There is danger that the new naturalization law will dull international outrage and lead to a sense of complacency because some legislative action was taken. Despite the law, Dominicans, civil society groups, and governments worldwide should continue to put pressure on the Dominican government to take further action. The 2013 Supreme Court decision was nOt the result of a sudden shift in law or policy, but rather part of a gradual erosion of rights that took place over the course of decades and generations. The damage of race-based statelessness will therefore not be quick or easy to repair, but international attention must be kept on the issue until all Dominicans have their citizenship rights restored.


6 Responses

  1. I find this statement a bit perplexing: “Jus soli citizenship is regional customary law in the Americas, and attempts to restrict this manner of acquiring citizenship have historically been tied to racial and ethnic discrimination.”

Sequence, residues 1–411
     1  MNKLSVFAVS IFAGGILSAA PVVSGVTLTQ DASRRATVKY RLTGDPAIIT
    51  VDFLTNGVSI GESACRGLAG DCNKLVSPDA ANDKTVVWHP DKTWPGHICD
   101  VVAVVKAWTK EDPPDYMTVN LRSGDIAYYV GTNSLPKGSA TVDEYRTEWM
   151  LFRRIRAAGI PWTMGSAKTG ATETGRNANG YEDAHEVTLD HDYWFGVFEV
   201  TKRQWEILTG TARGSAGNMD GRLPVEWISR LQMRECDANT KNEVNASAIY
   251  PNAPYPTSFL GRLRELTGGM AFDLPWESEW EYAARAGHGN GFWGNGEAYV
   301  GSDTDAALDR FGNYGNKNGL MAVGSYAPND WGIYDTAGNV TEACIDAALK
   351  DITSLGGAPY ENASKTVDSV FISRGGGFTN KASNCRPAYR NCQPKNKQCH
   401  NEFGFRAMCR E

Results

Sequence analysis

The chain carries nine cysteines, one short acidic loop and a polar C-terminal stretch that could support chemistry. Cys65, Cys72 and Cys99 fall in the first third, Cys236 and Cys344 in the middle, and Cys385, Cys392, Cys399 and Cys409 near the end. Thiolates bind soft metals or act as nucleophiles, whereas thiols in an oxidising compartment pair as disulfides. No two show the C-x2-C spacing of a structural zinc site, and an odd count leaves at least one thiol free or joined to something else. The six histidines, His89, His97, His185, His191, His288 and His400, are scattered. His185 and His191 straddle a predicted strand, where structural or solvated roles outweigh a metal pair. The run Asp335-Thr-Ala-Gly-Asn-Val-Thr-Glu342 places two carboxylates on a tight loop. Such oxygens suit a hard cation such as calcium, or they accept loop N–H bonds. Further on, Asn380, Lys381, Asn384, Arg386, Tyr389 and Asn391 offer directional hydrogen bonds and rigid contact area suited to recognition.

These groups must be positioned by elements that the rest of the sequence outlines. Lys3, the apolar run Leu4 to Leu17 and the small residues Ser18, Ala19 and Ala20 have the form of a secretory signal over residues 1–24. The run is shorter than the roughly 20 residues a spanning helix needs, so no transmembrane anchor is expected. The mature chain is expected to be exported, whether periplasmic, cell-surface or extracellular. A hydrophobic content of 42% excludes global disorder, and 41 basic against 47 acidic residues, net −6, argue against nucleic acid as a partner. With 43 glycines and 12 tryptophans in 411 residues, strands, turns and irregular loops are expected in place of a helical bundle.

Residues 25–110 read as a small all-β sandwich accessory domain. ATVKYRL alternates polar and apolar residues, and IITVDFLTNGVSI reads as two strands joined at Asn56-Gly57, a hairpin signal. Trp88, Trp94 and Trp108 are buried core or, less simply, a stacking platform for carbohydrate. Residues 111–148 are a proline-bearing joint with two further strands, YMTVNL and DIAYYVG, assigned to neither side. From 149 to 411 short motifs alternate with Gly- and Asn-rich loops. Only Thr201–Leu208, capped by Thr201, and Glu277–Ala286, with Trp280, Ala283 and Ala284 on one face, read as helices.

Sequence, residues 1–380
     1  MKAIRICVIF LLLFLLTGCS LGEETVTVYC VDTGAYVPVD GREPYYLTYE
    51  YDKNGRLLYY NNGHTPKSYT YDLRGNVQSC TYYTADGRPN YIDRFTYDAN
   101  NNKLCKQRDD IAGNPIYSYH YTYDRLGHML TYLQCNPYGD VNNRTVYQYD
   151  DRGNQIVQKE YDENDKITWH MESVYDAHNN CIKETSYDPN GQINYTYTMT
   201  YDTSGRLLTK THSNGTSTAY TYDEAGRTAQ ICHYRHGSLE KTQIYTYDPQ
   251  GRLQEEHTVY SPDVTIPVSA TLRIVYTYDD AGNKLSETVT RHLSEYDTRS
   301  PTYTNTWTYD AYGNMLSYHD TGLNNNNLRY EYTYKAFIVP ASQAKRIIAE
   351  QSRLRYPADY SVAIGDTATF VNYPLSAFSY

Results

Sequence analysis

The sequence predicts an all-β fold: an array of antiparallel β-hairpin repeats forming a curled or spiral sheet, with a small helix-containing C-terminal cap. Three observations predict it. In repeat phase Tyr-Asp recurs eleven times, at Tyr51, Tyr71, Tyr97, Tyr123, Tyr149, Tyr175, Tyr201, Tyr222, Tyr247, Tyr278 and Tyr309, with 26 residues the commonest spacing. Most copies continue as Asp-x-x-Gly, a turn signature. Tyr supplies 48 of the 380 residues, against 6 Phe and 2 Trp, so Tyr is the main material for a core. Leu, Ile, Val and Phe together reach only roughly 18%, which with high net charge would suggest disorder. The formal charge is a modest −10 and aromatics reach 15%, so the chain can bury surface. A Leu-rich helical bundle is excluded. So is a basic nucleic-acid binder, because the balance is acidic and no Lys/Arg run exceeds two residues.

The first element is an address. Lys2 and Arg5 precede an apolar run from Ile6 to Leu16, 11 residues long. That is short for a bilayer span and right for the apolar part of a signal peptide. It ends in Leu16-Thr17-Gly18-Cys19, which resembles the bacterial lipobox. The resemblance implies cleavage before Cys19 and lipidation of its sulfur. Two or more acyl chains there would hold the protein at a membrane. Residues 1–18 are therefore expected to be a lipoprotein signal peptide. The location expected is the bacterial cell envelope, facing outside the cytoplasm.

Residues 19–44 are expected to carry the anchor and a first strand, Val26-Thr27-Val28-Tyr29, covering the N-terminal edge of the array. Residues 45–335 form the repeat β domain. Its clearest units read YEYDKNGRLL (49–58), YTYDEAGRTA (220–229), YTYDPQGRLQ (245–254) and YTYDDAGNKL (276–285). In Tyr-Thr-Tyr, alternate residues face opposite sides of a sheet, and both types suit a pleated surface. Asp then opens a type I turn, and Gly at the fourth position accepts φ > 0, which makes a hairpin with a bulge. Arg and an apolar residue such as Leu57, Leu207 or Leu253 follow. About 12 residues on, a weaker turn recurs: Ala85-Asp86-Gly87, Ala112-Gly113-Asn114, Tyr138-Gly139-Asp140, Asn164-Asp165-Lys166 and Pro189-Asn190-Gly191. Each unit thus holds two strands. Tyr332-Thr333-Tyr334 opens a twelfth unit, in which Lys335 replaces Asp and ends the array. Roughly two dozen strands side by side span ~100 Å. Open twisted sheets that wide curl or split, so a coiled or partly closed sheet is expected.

I can see why looking to history can be a tempting argument, but this statement seems a little far-fetched and unsubstantiated. It amounts to saying that no country in the Americas can choose ius sanguinis because it is *assumed* such a choice is discriminatory. What kind of custom are we talking about here? What kind of international law forbids countries from choosing their citizenship regime? As far as I can tell, there is absolutely no legal rationale (this post certainly hasn’t provided it) for making such a claim. Germany adheres to jus sanguinis, as do many other countries around the world, but no one has ever argued that this is part of European ‘customary law.’ It’s simply a policy choice, or am I missing something here?